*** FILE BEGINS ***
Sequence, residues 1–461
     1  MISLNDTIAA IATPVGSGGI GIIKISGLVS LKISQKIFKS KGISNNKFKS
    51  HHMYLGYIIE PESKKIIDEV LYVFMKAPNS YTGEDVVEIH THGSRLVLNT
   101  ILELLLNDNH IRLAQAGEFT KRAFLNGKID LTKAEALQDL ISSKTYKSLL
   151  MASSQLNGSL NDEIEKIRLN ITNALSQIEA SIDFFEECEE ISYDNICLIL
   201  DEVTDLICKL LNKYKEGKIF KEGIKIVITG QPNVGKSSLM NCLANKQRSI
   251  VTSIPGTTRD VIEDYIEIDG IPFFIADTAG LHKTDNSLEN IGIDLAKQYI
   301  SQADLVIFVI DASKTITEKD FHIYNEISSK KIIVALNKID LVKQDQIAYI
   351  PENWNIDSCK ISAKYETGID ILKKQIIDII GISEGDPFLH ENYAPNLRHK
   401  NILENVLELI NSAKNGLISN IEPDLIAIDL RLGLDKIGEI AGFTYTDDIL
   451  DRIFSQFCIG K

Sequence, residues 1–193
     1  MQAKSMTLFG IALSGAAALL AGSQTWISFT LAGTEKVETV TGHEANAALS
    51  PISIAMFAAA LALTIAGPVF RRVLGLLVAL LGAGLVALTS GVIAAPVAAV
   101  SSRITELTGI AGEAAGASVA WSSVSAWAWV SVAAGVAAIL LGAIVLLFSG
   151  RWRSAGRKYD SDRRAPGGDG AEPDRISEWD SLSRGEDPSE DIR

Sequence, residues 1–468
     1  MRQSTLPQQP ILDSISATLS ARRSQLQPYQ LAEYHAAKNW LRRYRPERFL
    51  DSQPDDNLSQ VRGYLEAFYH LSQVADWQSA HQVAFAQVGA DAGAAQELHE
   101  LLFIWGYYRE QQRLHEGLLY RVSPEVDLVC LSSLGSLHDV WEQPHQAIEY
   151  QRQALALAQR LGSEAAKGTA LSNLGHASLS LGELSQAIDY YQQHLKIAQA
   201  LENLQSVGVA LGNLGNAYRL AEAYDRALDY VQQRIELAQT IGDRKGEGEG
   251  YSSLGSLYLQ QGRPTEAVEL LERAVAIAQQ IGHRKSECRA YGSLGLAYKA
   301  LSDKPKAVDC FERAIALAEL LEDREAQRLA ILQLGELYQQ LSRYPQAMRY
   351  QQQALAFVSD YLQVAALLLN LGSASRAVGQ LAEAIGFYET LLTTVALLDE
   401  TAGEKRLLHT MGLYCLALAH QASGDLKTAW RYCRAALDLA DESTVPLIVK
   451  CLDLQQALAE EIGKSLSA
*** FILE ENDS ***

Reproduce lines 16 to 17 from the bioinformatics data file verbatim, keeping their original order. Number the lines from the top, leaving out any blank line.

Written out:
   151  RWRSAGRKYD SDRRAPGGDG AEPDRISEWD SLSRGEDPSE DIR

Sequence, residues 1–468